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Moblin 2.0 Being Released At Intel IDF

Intel

Published on 23 July 2008 10:20 PM EDT
Written by Michael Larabel in Intel
2 Comments

At OSCON 2008, Linux on mobile devices has been an extremely hot topic. This morning Intel's Dirk Hohndel had keynoted about their Atom-based mobile devices and netbooks and this afternoon he had a smaller session where he talked in greater detail about Moblin and what will be known as Moblin 2.0.

Moblin 1.0 was released a year ago as a place for the Linux and open-source communities to collaborate over Linux on mobile devices. Moblin will run on most any mobile device, but Intel's interest with Moblin is to push along their mobile devices (now their Atom processors / Menlow platform).

Moblin 2.0 will contain a number of enhancements, but most significantly it's going to be based on Fedora. Up to this point, Canonical and Intel have been very close and Moblin has been based upon Ubuntu/Debian. However, with Moblin 2.0 this is all out the door. Re-basing against Fedora is being done for technical merits and in particular Intel being interested in using an RPM-based distribution. One of the examples cited by Dirk was the ability for RPMs to easily identify the license of packages and being able to build an environment including or excluding a particular license type. Dirk had also added Debian-based distributions can still participate, but they'll have an added one-step process of the RPM to Debian package conversion.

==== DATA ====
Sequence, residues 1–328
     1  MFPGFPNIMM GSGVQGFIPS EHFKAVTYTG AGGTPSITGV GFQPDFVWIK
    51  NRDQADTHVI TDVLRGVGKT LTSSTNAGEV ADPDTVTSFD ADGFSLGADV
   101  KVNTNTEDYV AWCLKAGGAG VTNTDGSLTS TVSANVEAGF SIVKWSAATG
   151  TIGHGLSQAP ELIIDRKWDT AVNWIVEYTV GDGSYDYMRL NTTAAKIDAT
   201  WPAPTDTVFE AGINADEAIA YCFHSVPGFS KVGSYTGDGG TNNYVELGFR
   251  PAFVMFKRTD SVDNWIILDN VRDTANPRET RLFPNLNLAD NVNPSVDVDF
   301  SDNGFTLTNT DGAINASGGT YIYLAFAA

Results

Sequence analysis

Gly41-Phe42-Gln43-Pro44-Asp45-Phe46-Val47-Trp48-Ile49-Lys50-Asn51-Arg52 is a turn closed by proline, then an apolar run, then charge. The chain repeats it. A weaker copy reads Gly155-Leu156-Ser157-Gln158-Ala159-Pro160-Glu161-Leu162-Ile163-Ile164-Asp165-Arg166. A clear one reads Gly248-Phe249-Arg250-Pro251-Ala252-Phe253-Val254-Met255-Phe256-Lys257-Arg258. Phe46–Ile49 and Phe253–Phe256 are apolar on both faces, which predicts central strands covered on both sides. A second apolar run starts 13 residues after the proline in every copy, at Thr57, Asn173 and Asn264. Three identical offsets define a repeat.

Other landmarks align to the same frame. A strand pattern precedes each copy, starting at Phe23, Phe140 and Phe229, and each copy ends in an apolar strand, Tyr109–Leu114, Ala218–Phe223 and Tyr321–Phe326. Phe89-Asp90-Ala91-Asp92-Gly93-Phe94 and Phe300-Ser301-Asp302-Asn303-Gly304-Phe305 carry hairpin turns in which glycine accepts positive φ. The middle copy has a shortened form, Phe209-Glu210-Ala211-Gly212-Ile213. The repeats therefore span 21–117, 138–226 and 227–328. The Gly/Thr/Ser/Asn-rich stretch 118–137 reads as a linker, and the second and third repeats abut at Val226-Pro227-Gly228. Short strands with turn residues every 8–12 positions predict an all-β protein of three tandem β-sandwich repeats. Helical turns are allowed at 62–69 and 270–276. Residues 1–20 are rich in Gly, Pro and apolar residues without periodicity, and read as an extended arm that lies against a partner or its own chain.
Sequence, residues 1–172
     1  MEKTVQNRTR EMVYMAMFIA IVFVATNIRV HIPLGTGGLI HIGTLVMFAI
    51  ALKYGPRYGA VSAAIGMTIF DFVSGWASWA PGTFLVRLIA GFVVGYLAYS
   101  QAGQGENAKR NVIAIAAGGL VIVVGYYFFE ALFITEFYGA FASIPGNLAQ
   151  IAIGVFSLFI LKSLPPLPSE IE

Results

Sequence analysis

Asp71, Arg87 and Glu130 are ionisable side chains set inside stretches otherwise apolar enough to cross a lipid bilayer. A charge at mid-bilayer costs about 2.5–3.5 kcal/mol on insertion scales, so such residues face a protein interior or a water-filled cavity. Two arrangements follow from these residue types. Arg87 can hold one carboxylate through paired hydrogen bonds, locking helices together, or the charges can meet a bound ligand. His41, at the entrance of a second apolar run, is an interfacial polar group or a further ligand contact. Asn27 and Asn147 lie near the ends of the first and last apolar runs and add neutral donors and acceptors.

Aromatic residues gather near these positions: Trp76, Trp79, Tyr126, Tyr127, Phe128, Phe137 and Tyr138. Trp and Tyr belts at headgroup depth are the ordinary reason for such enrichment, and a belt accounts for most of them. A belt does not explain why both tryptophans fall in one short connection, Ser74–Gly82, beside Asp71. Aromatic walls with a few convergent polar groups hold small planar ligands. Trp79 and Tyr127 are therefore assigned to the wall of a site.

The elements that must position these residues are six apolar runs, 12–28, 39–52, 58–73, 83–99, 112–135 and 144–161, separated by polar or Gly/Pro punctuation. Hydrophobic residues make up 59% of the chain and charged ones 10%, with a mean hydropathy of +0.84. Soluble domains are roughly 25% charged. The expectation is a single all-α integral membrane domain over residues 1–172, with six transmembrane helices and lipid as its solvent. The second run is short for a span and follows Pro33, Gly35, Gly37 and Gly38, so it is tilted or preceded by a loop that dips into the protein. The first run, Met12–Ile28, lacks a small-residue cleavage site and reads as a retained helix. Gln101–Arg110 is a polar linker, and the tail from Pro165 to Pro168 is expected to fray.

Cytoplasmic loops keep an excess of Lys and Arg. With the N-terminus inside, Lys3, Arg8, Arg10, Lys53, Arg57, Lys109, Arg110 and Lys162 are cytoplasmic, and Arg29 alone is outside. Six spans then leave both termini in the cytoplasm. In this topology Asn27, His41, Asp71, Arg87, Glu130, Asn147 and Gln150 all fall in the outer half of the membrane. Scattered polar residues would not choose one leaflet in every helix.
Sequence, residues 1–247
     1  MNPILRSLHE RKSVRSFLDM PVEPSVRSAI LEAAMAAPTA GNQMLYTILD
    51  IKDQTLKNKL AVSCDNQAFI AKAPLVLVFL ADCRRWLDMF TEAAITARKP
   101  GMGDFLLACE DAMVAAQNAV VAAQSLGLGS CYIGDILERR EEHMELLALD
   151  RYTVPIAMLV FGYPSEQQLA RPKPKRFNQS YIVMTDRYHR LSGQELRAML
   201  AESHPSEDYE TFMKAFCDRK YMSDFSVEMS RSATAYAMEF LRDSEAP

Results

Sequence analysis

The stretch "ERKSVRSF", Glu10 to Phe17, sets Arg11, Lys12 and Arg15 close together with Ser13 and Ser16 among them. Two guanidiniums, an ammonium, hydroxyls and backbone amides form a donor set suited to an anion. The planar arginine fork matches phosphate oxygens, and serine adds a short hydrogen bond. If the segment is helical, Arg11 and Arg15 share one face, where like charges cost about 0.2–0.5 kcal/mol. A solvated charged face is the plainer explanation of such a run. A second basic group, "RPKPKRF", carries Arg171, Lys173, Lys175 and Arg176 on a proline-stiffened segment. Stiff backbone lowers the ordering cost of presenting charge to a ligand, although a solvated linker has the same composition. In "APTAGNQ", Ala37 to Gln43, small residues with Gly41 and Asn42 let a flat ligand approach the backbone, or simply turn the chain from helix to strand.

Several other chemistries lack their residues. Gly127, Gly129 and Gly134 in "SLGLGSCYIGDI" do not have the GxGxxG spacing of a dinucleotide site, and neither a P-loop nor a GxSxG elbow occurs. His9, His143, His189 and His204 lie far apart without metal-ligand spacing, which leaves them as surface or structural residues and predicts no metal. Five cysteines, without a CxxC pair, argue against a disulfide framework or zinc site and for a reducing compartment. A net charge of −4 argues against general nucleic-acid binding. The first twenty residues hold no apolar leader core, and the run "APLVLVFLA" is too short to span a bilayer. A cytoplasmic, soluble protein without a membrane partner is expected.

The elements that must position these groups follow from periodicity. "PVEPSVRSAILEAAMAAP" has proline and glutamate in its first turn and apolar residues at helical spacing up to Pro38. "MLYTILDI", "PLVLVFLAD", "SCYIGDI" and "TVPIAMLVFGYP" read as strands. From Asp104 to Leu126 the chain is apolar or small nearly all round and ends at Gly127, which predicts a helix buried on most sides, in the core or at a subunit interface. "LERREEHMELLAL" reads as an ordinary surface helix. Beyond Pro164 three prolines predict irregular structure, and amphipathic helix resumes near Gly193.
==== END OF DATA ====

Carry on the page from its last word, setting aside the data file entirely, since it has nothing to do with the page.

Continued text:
The first alpha release of Moblin 2.0 is due out in a few weeks and we've heard through our sources that Intel is planning for unveiling this new mobile Linux platform revision at their Intel Developer Forum (IDF) next month. The next Intel Developer Forum is in San Francisco from the 19th to 21st of August.

About The Author
Michael Larabel is the principal author of Phoronix.com and founded the web-site in 2004 with a focus on enriching the Linux hardware experience and being the largest web-site devoted to Linux hardware reviews, particularly for products relevant to Linux gamers and enthusiasts but also commonly reviewing servers/workstations and embedded Linux devices. Michael has written more than 10,000 articles covering the state of Linux hardware support, Linux performance, graphics hardware drivers, and other topics. Michael is also the lead developer of the Phoronix Test Suite, Phoromatic, and OpenBenchmarking.org automated testing software. He can be followed via and or contacted via .
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